Olson's cancer ordeal provides even greater insight into her West Wind Village mission
By Britney Appier
By Britney Appier
West Wind Village is an elderly care living community that functions under the idea that it takes a community to feel alive.
Susan Olson, West Wind Village administrator, also seems to work under this belief.
Diagnosed with gastric cancer, Olson still goes to work, only missing days for her hospital visits. Saint Francis Health Services, which owns West Wind Village, provides an atmosphere that Olson values.
"The elderly are wonderful people that you can learn so much from, and they should be treated with respect and compassion," she said.
Before coming to work at West Wind Village, Olson had "fallen into the health care industry." She was traveling four hours a day and the strain of driving became very hard for her. She heard about the opening at West Wind Village and loved how it "truly offers what is needed for now, using innovation and looking toward the future to give the elderly the best care possible," she said.
The Morris-area community is "so friendly and welcomes people with open arms," so, Olson said, she felt it would be a beneficial relationship for herself and West Wind Village.
Olson said she has always had a "passion for the elderly," greatly valueing their life experience and wanting to give back to them.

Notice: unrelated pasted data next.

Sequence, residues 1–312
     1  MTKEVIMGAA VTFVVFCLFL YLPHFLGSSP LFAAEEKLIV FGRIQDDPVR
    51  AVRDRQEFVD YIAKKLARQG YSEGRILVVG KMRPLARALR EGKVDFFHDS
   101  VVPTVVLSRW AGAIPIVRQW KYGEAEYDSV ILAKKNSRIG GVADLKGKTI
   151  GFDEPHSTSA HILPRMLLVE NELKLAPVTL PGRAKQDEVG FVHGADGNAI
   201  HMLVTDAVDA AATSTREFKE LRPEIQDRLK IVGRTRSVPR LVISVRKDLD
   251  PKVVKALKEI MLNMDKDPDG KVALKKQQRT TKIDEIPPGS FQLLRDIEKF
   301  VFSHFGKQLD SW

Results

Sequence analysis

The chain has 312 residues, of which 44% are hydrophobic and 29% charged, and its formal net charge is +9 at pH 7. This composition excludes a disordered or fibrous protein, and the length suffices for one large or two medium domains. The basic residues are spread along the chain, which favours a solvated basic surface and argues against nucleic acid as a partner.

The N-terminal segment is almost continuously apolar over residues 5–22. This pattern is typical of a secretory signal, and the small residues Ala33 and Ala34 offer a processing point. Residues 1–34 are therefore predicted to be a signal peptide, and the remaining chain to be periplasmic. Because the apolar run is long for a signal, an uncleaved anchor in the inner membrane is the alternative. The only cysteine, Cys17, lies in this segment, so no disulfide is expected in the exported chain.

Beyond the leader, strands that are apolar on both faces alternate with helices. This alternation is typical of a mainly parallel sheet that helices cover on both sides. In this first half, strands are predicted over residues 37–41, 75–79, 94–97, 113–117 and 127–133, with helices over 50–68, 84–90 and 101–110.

Olson was originally diagnosed with Hodgkin's disease in 1985, and in 1995 she was diagnosed with Non-Hodgkin's lymphoma. In 1996, the disease was in remission.
Olson had a regular checkup and an upper gastrointestinal scope procedure last year. While her doctor didn't believe he saw anything abnormal, further investigation confirmed a problem. Olson received a call from the doctor, who told her she had gastric cancer.
Olson consulted with her oncologist and a surgeon, who suggested chemotherapy before surgery to remove her stomach. She began the chemotherapy treatments in January, and on March 6 had her stomach removed, attaching her esophagus directly to her intestines.
The surgeon was able to remove all but 0.5 micro organisms of the cancer, and in April she began an intensive chemotherapy regimen, which is ongoing. She will continue the chemo until October, when, doctors say, she should be free of cancer.
Despite all she has been through, Olson believes that the hardest thing she had to do was tell her daughter. Her daughter was a high school senior, when Olson was first diagnosed, and she wanted to be a caregiver and simply stay with her mother. But Olson said she did not want that, believing that people should continue to "live their lives." She wanted her daughter to "treasure" the life she has. Though her family lives in Chanhassen, a three-hour drive away, they are still "so supportive," Olson said.
Olson continues to go to work, even on the days she is not feeling totally up to par.
"There are days where one has to dig down deep to find the energy" to continue, she said.
Modest about her strength, Olson says that there are times in everybody's lives when one deals with difficult things and "everybody will handle them differently."
Olson believes that she is "very very fortunate" to be where she is today, but said she is no stronger than anyone else. This trial in her life has allowed her to feel "empathetic to those who are not feeling well or have a disease" because she understands the pain people experience.
Olson invites everyone in the community to visit West Wind Village and get acquainted with her and the facility.